With a little convincing, rats can detect tuberculosis

Rodents that excel at detecting land mines could make a difference in a widespread disease

African pouch rat

SENSITIVE SCHNOZ  African giant pouched rats are trained to sniff sputum in the lab and pause at TB-infected samples.


What do land mines and tuberculosis have in common? Both kill people in developing countries — and both can be sniffed out by rodents that grow up to 3 feet, head to tail.

Since 2000, the international nonprofit APOPO has partnered with Tanzania’s Sokoine University of Agriculture to train African giant pouched rats (Cricetomys ansorgei) to pick up the scent of TNT in land mines. By 2016, the animals had located almost 20,000 land mines in Africa and Southeast Asia.

To help more people, Georgies Mgode, a zoonotic disease scientist at Sokoine, and colleagues began training the rats to recognize tuberculosis, an infectious disease that killed about 1.6 million people in 2016. The most common diagnostic tool — inspection of patients’ sputum under a microscope — can miss infections more than half the time. More accurate technologies are costly or still in testing (SN Online: 2/28/18).

African pouch rat
The rats get food rewards as they learn to detect land mines or TB in the lab. APOPO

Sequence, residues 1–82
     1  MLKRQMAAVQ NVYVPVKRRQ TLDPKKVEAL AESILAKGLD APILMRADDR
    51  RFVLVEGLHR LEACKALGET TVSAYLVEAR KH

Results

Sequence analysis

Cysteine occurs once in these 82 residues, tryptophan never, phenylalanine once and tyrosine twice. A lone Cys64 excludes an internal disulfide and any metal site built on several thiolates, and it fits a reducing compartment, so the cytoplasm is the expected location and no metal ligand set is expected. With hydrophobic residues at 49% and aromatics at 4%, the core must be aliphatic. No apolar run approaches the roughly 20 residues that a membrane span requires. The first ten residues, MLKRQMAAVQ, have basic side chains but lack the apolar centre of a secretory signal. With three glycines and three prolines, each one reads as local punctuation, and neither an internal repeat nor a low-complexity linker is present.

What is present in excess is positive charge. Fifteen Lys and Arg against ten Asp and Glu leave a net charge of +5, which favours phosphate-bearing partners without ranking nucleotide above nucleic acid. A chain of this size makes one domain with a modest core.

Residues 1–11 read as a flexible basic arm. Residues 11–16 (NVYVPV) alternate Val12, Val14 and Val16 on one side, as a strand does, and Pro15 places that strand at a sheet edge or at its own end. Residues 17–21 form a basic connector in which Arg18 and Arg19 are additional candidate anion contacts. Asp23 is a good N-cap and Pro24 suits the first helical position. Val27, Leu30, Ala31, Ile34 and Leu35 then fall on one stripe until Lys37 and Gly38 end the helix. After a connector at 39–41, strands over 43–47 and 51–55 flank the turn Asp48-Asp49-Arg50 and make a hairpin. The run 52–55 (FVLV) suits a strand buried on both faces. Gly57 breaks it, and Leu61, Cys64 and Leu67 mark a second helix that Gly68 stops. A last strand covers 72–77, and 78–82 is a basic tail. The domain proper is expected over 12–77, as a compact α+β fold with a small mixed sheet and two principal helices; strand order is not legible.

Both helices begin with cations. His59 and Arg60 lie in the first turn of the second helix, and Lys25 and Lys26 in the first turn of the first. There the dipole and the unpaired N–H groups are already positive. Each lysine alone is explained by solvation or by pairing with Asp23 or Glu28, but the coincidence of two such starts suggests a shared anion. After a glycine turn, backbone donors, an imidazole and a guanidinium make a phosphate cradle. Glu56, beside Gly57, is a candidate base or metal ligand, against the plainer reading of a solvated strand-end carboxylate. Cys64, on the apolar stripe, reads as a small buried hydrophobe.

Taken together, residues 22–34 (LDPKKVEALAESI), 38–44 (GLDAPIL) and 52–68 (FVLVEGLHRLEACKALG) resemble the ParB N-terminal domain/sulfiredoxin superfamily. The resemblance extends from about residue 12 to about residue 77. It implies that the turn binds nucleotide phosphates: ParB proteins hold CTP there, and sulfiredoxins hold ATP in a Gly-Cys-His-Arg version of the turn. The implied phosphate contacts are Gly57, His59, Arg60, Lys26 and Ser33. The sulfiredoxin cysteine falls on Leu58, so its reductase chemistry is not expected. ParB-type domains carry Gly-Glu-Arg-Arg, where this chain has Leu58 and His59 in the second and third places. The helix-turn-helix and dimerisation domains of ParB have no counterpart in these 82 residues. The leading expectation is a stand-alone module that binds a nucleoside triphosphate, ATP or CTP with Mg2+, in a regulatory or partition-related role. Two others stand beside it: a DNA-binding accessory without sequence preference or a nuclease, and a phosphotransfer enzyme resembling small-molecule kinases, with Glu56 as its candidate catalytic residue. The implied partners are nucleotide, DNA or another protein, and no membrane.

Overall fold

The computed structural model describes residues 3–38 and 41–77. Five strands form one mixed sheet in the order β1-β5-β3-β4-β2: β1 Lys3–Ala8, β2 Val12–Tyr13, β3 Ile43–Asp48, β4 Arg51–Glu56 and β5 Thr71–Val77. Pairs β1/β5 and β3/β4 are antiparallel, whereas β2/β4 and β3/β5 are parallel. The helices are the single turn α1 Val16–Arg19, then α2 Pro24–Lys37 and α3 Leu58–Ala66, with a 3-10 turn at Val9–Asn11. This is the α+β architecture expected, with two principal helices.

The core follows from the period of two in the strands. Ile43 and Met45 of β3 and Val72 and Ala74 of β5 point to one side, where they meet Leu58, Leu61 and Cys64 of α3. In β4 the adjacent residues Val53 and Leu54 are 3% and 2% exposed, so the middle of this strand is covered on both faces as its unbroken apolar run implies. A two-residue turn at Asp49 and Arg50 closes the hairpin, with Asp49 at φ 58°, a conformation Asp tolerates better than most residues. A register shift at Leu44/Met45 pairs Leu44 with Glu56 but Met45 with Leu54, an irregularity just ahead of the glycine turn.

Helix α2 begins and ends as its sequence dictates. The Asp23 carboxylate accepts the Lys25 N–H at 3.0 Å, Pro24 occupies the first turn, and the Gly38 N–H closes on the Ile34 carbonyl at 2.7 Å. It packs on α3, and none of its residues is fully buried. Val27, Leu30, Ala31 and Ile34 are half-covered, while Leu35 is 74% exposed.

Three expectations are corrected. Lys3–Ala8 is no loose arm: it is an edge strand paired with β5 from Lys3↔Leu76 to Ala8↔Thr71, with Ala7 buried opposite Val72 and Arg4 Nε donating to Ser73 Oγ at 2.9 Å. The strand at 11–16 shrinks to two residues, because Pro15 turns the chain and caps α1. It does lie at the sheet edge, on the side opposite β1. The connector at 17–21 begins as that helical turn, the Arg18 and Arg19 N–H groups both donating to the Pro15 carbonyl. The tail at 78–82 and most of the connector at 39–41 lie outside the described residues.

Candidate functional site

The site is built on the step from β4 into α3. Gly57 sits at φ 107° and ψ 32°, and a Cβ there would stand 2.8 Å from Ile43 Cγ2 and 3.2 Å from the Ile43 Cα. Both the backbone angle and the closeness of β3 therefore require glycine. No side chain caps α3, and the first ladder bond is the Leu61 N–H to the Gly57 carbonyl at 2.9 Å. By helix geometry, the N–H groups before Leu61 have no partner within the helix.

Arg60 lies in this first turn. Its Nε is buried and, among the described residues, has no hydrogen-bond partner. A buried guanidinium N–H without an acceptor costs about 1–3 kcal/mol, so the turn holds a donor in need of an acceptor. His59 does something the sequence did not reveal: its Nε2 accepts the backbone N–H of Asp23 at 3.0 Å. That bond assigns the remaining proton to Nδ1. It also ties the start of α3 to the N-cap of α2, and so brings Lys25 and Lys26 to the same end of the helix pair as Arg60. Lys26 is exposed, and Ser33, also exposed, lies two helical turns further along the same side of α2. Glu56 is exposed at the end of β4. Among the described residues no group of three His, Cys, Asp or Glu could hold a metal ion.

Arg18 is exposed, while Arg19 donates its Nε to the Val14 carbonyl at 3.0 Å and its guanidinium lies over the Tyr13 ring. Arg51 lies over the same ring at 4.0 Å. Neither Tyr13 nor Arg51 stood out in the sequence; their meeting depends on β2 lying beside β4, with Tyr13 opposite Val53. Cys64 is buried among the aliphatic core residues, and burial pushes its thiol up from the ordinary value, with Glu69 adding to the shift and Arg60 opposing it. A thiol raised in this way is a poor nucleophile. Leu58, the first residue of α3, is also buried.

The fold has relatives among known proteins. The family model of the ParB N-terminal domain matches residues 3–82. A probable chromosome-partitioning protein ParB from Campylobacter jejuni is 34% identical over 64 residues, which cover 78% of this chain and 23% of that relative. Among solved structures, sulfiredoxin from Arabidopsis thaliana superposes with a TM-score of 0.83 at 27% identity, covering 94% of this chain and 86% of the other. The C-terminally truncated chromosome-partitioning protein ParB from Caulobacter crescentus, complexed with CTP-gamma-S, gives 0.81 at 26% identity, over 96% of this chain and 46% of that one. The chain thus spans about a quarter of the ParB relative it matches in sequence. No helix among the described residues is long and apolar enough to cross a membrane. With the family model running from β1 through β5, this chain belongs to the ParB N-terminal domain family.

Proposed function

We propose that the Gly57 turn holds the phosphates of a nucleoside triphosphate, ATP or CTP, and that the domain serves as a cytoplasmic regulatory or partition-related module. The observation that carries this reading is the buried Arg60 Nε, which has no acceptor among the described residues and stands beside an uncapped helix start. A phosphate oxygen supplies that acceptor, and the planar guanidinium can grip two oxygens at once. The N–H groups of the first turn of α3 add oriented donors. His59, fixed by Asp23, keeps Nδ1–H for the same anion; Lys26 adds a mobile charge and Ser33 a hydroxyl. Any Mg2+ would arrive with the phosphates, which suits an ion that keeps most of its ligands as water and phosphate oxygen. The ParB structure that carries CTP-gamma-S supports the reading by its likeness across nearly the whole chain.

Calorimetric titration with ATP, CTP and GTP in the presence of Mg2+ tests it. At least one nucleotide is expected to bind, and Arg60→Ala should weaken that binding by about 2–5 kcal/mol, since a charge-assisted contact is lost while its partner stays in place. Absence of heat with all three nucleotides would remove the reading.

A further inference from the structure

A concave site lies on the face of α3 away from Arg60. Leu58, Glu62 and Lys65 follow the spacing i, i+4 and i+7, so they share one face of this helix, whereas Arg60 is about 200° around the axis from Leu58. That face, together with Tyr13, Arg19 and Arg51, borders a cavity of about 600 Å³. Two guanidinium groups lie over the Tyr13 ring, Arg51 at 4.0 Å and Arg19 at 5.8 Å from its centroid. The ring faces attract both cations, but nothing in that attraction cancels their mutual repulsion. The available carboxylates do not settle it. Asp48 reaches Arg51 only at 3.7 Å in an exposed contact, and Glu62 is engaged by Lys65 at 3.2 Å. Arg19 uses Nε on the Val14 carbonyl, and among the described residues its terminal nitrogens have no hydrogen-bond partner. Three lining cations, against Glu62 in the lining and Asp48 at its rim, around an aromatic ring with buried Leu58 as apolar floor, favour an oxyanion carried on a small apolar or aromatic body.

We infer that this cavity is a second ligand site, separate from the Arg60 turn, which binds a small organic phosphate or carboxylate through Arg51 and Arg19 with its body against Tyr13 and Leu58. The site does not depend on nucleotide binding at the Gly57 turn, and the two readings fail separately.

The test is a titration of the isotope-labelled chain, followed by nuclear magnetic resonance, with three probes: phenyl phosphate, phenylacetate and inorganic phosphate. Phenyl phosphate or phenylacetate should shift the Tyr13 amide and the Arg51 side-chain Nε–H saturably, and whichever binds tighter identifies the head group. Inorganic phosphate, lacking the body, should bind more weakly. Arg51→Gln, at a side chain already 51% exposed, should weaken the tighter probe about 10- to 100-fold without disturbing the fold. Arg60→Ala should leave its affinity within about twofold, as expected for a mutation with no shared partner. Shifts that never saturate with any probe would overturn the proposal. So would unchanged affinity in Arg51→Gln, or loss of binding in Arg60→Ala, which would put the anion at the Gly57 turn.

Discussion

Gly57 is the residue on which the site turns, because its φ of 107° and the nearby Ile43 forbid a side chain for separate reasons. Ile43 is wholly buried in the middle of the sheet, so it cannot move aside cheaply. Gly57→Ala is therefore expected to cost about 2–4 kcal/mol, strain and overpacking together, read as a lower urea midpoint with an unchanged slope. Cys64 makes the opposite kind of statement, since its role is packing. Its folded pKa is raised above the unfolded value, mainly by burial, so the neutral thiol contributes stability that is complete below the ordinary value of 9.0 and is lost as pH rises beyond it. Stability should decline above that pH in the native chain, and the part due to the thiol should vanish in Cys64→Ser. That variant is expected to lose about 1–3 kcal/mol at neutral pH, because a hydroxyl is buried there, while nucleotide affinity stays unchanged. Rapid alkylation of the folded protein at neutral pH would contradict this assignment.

“Every disease, anything organic, has a smell,” says Mgode. Mycobacterium tuberculosis , the bacterium that causes TB, emits 13 volatile chemicals that set it apart from other microbes, he and colleagues reported in 2012. Training a rat to be a TB sniffer, recognizing those smells in phlegm, takes about nine months.

To start, trainers bond with 4-week-old rats, naming the pups, playing with them and hand-feeding them. During training, the rats get a food reward when they pause at infected samples. Most trained rats can work through 100 samples in less than 20 minutes, faster than other methods, Mgode says.

Still, convincing others to accept the rats as a diagnostic tool has been a challenge. On April 4 in Pediatric Research, Mgode and colleagues made their latest pitch, based on over 55,000 sputum samples from Tanzanian clinics examined by trained rats between 2011 and 2015. Microscopy detected TB in 8,351 samples. The rats detected those, plus 2,745 more, later verified by standard methods. The animals did especially well on samples from young kids, who often cough up less phlegm for testing and have low bacterial counts.

Today, as part of the continuing research project, the rats screen TB samples from Tanzania and Mozambique, and soon Ethiopia. But the rats have yet to receive global approval from the World Health Organization.

“We are working very hard according to good lab practices, we have well-documented protocols and we are abiding by endorsed techniques,” Mgode says. “People [with TB infection] who are being missed in the hospitals are being confirmed by the rats.”

Editor’s note: This article was updated on May 16, 2018, to clarify that the TB-sniffing rat program is an ongoing research project. 

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